Devin Nunes steps down from House Intelligence Committee over Russia investigation missteps

The House Intelligence Committee chairman has been under fire for seemingly carrying water for Trump

Published April 6, 2017 2:22PM (EDT)

 (Getty/Win McNamee)
(Getty/Win McNamee)

House Intelligence Committee Chairman Devin Nunes, R-Calif., is stepping aside from the committee's probe into Russia in the aftermath of controversy over his seeming to use his power for political actions on behalf of Trump.

Nunes is going to temporarily remove himself from the committee's investigation into Russia's alleged interference in the 2016 presidential election, an act that will include probing of communications between the Trump campaign and officials connected to the Russian government, according to a report by Politico. Nunes' role leading that investigation will instead be assumed by three Republican congressmen: Reps. Michael Conaway of Texas, Trey Gowdy of South Carolina, and Tom Rooney of Florida.

"Several left-wing activist groups have filed accusations against me with the Office of Congressional Ethics," Nunes said in a statement. After denying the charges as "false," "politically motivated," and "baseless," Nunes said that he would allow the three congressmen to "temporarily take charge" of the Russia investigation. Nunes also said that he would "continue to fulfill all my other responsibilities as Committee Chairman, and I am requesting to speak to the Ethics Committee at the earliest possible opportunity in order to expedite the dismissal of these false claims."

The House Ethics Committee has confirmed that it is investigating whether Nunes improperly disclosed classified information. This refers to Nunes surreptitiously going to the White House shortly after FBI Director James Comey testified before the House committee, during which time he is accused of having received information from White House officials about the incidental collection of conversations involving Trump transition officials and their unmasking. Nunes then disclosed what he had learned with President Trump and House Speaker Paul Ryan before discussing it with members of his own committee.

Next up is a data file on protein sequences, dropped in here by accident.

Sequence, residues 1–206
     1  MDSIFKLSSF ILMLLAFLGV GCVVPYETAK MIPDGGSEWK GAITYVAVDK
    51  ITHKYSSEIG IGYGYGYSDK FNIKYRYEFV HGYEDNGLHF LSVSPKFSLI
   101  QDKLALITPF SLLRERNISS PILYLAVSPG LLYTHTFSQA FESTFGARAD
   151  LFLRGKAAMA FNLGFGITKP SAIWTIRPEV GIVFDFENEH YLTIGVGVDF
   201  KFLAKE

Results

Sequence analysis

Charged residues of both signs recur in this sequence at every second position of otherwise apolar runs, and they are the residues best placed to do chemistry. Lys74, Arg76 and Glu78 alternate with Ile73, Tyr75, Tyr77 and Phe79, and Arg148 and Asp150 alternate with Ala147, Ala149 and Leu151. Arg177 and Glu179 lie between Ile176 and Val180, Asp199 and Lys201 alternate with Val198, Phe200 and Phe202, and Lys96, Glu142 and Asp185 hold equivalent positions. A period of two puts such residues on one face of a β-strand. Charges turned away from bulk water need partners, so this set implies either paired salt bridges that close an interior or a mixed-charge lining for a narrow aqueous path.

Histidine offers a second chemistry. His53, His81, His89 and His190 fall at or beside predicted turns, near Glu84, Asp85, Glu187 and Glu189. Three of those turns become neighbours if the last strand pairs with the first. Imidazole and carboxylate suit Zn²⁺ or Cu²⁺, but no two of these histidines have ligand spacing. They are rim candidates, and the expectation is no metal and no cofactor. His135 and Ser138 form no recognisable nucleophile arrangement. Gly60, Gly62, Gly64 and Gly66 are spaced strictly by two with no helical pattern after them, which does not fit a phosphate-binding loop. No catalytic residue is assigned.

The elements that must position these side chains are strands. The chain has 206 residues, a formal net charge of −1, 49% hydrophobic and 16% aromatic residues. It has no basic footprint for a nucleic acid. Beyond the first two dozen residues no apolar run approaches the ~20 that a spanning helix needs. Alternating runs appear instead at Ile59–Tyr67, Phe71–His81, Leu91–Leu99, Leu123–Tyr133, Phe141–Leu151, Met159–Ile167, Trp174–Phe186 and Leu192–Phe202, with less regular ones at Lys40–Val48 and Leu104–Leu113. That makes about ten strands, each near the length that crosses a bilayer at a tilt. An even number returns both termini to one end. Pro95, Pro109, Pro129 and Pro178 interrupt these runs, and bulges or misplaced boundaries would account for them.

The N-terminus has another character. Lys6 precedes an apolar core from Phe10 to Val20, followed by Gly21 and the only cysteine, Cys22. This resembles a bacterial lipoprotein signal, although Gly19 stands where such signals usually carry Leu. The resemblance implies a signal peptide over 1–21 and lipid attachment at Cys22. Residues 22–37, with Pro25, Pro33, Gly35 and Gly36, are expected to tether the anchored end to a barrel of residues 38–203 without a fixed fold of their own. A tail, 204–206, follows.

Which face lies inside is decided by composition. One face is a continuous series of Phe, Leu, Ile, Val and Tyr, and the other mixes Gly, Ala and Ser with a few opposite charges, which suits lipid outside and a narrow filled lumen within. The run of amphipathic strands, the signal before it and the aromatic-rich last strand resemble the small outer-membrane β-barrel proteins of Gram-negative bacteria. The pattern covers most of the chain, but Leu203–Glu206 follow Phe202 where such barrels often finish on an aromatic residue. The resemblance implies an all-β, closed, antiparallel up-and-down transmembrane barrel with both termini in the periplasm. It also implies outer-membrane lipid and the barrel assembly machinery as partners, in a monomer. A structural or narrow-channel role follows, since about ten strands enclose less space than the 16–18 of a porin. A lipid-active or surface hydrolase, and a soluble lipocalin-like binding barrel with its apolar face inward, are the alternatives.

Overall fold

There are also concerns about the individuals Nunes has chosen to replace him. Gowdy has been a Trump loyalist who served on the then president-elect's transition team, Conaway once tried to downplay the seriousness of the allegations against Russia by comparing it to Mexican celebrities campaigning for Hillary Clinton in Nevada, and Rooney — despite calling on Trump to drop out of the race after the disclosure of his "Access Hollywood" tapes —  has voted for Trump's positions 100 percent of the time since the president took office.

By Matthew Rozsa

Matthew Rozsa is a professional writer whose work has appeared in multiple national media outlets since 2012 and exclusively at Salon since 2016. His diverse interests are reflected in his interview, including: President Jimmy Carter (1977-1981), Israeli Prime Minister Ehud Barak (1999-2001), animal scientist and autism activist Temple Grandin, inventor Ernő Rubik, comedian Bill Burr ("F Is for Family"), novelist James Patterson ("The President's Daughter"), epidemiologist Monica Gandhi, theoretical cosmologist Janna Levin, voice actor Rob Paulsen ("Animaniacs"), mRNA vaccine pioneer Katalin Karikó, philosopher of science Vinciane Despret, actor George Takei ("Star Trek"), climatologist Michael E. Mann, Washington Gov. Jay Inslee (2013-present), dog cognition researcher Alexandra Horowitz, Libertarian presidential candidate Gary Johnson (2012, 2016), comedian and writer Larry Charles ("Seinfeld"), Democratic vice presidential nominee Joe Lieberman (2000), Ambassador Michael McFaul (2012-2014), economist Richard Wolff, director Kevin Greutert ("Saw VI"), model Liskula Cohen, actor Rodger Bumpass ("SpongeBob Squarepants"), Senator John Hickenlooper (2021-present), biologist and genomics entrepreneur William Haseltine, comedian David Cross ("Scary Movie 2"), linguistics consultant Paul Frommer ("Avatar"), Maryland Gov. Martin O'Malley (2007-2015), computer engineer and Internet co-inventor Leonard Kleinrock and right-wing insurrectionist Roger Stone.

MORE FROM Matthew Rozsa

Related Topics ------------------------------------------

Devin Nunes Donald Trump House Intelligence Committee Russia